Thursday, May 24, 2018

The Milo Story, Nazi Prevention, and A Simple Hope

We've received numerous requests for a version of our article without the interjections of Dogpatch Press editorial staff. It is presented below. Readers are encouraged to browse the original article as platformed by Dogpatch on the Dogpatch Press website, and to provide due credit to them for initially publishing the article.  Our thanks to Dogpatch press and to the readers who took an interest in our thoughts.

 By David Lillie.  
Thanks to @Boneitis and  @kaze_the_wyvern  for providing constructive feedback and advice.

You may be reading this to check whether it's okay to continue hating me.  Let's cut to the chase and give that a simple yes.
I create the best comic I'm capable of rendering; but I also drew Milo as a snow leopard, and occasionally shake my head at the firestorm it caused.  Since I still think it was funny, your hatred is socially acceptable.  Including acceptable by me. I'm not holding it against you. It's just how you feel.
So we've covered the hatred question, but you may still be curious about why I changed my opinion regarding Nazis in the furry community. Especially if you think Nazis are a problem. Because I agree with you, and previously I did not.
(Any Nazis reading this just began considering whether they, too, should hate me.)
We've established I'm not writing this article in the hopes of reducing the number of people on twitter hostile towards me. So why would I change my mind, if personal social approval is off the table? 
To establish a starting point, let's examine a common question about the Milo fursona.

"What were you thinking?"

Generally my mind is in one of two places; the next comic page, or hare-brained marketing schemes.  Aspiring content creators may relate to the constant drive for experimentation, improvement, and the hope for success.
During some of my many thousands of hours of drawing I listened to a podcast by Milo. I knew him as a provocateur attracting massive crowds and protesters while advocating free speech and being banned from twitter. The controversy swirling around him was many things, and entertaining was one of them.
I heard him do a live-read advertising, of all things, cars. Talk about boring. Too bad he wasn't promoting something interesting. Like a webcomic... Like a furry webcomic. Like OUR furry webcomic!
The idea popped into my head like a Robin Williams punch line, and I laughed.
One of culture's most controversial figures, promoting a furry comic.  The thought was so absurd, I had to at least try for it and see what would happen. I probably wouldn't be capable of pulling off such an advertising coupe. No publicist, no ad agency, no form of professional representation.
But it turns out I could.
And I did.
Milo’s audience heard all about Dreamkeepers, and then he became a snow leopard.
If you're concerned about social problems, and shaming others into agreement is a tactic you sometimes use, what happened next might be of interest to you.

I was called the usual assortment of smears that we're all so familiar with, whether we're hitting with them, or being hit by them. Fascist, alt-right, x-phobe, Nazi.
Now, was the pitchfork crowd aware that the labels they flung at me were inaccurate? I can't say. I have difficulty reading minds. 
But I know my own mind (a little), so from my perspective it was obvious those labels were wrong. I don't identify as a fascist, and my values are incompatible with fascism. The credibility of my accusers thus dipped a bit, and not just their personal credibility. Being falsely labeled confirmed for me that these labels were used falsely, broadly, as a disingenuous social weapon.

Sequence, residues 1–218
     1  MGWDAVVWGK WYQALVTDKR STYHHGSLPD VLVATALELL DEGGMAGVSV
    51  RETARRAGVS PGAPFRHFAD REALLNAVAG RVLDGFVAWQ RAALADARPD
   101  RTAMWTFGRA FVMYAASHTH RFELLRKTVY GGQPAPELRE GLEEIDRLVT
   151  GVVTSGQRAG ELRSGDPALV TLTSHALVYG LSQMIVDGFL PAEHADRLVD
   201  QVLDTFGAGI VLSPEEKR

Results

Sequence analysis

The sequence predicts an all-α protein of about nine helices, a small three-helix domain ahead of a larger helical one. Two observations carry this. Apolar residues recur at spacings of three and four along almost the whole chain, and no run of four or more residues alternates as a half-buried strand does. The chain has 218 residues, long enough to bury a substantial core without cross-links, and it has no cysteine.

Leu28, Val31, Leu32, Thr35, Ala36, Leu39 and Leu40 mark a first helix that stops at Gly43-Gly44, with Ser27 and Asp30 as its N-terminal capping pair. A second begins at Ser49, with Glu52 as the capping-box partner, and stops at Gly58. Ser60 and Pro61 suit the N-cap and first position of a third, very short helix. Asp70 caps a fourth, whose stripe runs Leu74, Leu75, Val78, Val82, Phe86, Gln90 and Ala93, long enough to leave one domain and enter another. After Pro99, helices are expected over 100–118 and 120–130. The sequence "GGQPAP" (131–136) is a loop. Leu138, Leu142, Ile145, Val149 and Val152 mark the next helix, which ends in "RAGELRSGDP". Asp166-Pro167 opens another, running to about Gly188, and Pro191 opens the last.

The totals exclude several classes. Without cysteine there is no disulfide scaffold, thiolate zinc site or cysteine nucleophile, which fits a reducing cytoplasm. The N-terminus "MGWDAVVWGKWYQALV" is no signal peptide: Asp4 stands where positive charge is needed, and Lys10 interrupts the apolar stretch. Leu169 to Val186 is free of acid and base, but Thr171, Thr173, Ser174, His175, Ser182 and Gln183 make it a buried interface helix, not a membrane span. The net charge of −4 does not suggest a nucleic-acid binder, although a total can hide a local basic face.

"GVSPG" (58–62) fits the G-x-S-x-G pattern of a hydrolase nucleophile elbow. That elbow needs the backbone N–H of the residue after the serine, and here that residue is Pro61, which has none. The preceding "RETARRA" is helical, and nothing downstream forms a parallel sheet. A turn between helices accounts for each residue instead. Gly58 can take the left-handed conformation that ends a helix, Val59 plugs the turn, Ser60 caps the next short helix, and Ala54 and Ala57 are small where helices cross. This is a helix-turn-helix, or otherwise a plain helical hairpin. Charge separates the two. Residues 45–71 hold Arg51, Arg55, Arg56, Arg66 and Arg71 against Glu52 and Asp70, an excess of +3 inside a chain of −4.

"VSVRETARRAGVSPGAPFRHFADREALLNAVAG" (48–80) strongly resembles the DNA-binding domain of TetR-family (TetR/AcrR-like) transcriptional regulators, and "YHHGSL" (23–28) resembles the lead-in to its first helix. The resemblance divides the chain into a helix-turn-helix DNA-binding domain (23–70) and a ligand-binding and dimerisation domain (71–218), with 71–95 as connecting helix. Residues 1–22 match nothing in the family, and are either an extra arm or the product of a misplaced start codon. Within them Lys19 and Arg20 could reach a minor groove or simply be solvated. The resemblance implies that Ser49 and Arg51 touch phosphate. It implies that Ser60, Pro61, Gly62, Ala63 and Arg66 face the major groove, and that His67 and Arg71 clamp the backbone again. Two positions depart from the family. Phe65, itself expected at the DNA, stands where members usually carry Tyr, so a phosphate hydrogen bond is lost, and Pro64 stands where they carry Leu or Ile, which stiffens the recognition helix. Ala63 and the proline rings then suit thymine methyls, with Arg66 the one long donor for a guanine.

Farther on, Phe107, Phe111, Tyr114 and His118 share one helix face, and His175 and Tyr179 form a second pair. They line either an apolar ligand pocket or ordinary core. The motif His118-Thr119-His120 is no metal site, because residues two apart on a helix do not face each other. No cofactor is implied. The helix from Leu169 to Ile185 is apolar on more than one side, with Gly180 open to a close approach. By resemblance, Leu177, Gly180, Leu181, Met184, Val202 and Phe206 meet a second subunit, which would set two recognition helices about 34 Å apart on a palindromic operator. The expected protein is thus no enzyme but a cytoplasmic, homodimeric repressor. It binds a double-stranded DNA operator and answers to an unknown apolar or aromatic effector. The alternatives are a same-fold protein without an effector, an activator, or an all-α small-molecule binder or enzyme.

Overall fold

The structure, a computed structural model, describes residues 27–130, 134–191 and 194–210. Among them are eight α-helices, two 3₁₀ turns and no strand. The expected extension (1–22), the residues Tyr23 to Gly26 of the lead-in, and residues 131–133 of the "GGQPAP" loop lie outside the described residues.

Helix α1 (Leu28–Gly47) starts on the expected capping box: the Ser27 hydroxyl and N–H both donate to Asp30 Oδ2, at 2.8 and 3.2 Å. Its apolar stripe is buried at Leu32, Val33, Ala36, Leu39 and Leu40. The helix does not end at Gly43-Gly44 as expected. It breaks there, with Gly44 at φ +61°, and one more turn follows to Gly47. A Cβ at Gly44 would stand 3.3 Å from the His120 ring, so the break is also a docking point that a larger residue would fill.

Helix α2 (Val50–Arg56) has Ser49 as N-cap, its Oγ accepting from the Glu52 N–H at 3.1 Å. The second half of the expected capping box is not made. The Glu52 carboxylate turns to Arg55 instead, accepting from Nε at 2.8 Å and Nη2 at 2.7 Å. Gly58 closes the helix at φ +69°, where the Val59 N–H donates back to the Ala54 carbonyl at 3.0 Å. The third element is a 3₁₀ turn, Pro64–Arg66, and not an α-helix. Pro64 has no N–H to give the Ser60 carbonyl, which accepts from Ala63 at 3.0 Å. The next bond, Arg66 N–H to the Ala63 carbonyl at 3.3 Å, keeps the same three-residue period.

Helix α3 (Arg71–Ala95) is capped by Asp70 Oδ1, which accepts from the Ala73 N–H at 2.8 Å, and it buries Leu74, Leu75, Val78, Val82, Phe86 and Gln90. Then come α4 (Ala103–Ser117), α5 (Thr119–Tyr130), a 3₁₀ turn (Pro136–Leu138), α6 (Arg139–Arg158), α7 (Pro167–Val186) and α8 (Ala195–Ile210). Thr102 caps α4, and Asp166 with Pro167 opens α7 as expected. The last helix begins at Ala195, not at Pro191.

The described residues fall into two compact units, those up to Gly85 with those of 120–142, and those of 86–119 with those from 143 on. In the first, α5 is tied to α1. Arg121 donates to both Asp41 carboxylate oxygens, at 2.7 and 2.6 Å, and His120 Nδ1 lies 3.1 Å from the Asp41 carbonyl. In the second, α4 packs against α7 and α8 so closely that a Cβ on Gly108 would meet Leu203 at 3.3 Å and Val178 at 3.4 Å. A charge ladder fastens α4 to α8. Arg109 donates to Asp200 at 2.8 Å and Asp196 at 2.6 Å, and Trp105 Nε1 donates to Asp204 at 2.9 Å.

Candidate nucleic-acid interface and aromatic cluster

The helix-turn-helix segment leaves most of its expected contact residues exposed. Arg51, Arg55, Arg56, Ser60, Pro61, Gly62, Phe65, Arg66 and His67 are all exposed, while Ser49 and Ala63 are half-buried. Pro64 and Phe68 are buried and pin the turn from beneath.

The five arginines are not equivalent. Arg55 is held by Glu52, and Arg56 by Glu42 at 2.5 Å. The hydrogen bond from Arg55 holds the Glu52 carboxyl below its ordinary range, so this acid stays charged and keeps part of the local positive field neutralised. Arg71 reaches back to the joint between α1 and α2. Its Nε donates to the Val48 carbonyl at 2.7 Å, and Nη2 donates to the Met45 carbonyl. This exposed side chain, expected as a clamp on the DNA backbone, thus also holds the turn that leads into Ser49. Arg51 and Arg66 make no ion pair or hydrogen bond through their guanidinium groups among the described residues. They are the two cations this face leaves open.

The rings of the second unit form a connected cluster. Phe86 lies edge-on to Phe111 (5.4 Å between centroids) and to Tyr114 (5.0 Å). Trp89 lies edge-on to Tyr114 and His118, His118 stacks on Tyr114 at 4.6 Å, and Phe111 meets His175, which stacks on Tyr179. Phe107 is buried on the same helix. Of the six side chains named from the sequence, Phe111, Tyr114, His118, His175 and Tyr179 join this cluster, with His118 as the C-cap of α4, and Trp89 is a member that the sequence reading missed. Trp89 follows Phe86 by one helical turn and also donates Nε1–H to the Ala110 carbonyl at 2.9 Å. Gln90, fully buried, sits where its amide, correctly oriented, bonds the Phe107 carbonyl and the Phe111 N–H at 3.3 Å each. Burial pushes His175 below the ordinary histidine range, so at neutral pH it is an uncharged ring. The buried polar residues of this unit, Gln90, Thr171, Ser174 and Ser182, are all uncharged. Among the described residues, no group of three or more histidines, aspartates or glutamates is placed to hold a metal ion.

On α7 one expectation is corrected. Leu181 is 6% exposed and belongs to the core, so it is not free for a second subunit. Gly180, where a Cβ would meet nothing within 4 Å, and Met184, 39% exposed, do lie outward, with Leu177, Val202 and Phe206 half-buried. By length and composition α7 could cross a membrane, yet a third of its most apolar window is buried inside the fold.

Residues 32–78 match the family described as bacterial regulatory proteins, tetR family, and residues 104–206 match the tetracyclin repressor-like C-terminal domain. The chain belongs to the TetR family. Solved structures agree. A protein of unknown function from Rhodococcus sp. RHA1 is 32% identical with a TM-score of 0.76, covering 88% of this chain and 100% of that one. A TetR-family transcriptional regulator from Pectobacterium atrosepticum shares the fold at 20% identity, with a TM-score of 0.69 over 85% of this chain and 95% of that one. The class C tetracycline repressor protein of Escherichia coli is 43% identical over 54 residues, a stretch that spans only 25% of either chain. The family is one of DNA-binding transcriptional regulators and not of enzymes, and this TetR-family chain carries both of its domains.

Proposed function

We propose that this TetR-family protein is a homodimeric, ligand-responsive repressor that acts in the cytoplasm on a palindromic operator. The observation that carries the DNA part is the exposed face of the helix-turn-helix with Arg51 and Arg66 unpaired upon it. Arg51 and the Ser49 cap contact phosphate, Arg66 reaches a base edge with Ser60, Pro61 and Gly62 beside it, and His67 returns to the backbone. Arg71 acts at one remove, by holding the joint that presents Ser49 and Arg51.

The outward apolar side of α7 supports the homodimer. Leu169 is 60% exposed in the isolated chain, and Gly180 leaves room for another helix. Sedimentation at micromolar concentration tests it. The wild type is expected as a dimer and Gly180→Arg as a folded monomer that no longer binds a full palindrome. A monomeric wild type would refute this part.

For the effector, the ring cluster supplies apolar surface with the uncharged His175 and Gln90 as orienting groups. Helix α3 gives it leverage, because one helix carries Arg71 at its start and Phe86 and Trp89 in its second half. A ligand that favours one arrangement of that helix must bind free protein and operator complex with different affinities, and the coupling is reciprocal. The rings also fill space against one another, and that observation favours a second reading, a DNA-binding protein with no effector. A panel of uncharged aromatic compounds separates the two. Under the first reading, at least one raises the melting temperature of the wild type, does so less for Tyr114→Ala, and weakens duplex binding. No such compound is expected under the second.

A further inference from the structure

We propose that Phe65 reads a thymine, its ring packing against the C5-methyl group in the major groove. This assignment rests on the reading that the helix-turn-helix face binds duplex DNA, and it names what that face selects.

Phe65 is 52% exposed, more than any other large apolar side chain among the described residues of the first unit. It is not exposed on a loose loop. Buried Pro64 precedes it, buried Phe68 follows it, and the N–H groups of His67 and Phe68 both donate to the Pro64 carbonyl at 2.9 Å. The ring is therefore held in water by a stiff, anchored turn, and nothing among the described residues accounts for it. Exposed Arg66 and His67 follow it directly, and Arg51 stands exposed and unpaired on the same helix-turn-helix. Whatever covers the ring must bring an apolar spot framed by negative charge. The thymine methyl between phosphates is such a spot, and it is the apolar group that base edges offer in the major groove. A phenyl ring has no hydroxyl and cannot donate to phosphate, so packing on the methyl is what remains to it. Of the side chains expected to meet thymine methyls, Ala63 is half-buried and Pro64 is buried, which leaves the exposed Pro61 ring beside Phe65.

I shrugged off the pitchforkers seeking to apply shame and control, because, no thanks. We carried on drawing things, sharing art, and having a good time.
Now remember, you are permitted to hate me for all of this, as we established at the beginning. That's fine. I don't identify the way you have labeled me, and you're allowed to be upset about that.
But the takeaway here is that, even for oddly agreeable fellows like myself, social shaming tactics are losing effectiveness. The hammer still has force- but everyone has been pummeled so long, over such trivial or fallacious things, that hardened shells have become mainstream. Shame doesn't work. That weapon has been removed from our arsenal of social correctives. And as it happens, we may have disarmed ourselves at just the wrong moment. 
I'm starting to get worried about Nazis. Now, when I say that, I don't mean Dave Rubin. (I could take ‘im.) Allow me to briefly clarify how I conceptualize "Nazi."
I don't use it in the colloquial sense of "person outside my political tribe."  I'm talking about a fringe ideology that opposes individual rights, seeks to purge all disagreement from society, and minimizes historic mass murders.
The left-leaning readers are pulling their hair in frustration at that definition, thinking, "Yes you idiot, that's what we've been telling you this entire time! There are actual Nazis, we're not making this stuff up!"
I hear you, and you’re correct.
Real people exist who are Nazis.  I'm sure you can find examples who are not Dave Rubin, and they will be valid examples of very bad Nazis. There were valid examples a few years ago, and before then as well.
The existence of a few people thinking totalitarian thoughts doesn't concern me then, nor now.   I'm concerned because of a major contextual social shift.

Moral credibility.

  Up until now, mainstream society was generally Nazi-proof because of one universally accepted truism;  that Nazis were morally reprehensible. Nobody would ever vote for a Nationalist Socialist political party, because there wasn't one single good thing about Nazis.
Or at least, there wasn't.
The door is opening to Nazis having some mainstream appeal, and here is why.
Public perception is beginning to register Nazis as defenders of free speech.
If you disagree, just check this for yourself.  How often do you see online conversations touching on the topics of Nazis and free speech at the same time?